Dubbed RR245, the icy world is currently about 9.7 billion kilometres (six billion miles) from the Sun -- 65 times further than Earth, said astronomer Jean-Marc Petit of France's CNRS research institute.
"But its orbit is very elliptical, and it will be 19 billion km at its furthest point" from our star," he told AFP.
At the closest approach on its 700-year orbit, the planet will pass the Sun at a distance of some five billion km.
Dwarf planets fall into a six-year-old category of celestial bodies.
They are smaller than ordinary planets and orbit the Sun at a much greater distance, travelling in a zone littered with other objects like asteroids.
There are thought to be dozens of them in our Solar System, but only a handful have been identified so far.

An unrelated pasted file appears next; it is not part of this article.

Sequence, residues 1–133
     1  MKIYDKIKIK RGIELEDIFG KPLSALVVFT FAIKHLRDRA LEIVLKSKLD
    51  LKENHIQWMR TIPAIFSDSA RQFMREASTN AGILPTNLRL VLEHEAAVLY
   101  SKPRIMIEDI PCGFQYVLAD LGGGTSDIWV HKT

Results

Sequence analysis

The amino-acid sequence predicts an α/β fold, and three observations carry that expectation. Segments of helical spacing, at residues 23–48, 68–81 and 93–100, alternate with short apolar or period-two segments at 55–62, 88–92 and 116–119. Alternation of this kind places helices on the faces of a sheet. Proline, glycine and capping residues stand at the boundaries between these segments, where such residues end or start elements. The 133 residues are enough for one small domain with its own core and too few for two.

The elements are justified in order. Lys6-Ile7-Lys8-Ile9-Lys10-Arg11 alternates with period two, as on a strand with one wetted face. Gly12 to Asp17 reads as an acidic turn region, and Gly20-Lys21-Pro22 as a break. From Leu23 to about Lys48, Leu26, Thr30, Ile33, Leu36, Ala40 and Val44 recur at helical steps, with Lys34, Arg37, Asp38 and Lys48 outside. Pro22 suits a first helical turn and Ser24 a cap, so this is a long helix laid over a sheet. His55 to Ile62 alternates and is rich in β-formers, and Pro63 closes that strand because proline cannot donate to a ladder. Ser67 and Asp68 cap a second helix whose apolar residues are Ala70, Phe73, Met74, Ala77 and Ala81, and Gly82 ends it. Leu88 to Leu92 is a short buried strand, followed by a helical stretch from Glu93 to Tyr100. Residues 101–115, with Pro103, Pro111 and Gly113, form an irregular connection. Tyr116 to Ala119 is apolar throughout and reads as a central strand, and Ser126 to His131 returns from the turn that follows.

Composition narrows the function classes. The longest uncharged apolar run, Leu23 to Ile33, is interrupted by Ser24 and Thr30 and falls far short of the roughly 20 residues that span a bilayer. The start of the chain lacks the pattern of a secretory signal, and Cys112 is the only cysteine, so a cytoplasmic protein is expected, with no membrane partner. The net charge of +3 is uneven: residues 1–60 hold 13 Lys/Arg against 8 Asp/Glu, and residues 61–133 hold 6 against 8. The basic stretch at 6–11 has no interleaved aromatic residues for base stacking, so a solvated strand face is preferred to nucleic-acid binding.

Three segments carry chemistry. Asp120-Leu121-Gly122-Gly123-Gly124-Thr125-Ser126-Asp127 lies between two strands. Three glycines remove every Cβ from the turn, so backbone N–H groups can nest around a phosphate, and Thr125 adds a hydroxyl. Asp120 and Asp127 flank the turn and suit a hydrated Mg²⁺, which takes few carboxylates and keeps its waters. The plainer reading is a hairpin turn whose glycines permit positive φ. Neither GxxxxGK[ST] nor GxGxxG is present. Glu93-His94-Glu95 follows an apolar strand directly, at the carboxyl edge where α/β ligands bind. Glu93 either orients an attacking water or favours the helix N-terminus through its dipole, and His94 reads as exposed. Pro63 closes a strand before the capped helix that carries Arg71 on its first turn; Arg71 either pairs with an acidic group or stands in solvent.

They include Eris and Ceres, as well as Pluto -- which was downgraded from a full planet to a dwarf planet in a 2006 decision that remains contested to this day.
Most dwarf planets are small and dark, said team member Michele Bannister of the University of Victoria in Canada.
"It is really exciting to find one which is big and bright enough for us to study," she said in a statement issued by the CNRS.
RR245 was first spotted in February this year, in images taken in September 2015 by Outer Solar System Origin Survey (OSSOS), an international project to scope out distant worlds.
Its diameter has been estimated at about 700 km, compared to Earth's more than 12,700 km.
The discoverers of RR245 have the right to propose a name for their find.
New planetary monickers have to be approved by nomenclature panel in the International Astronomical Union (IAU).
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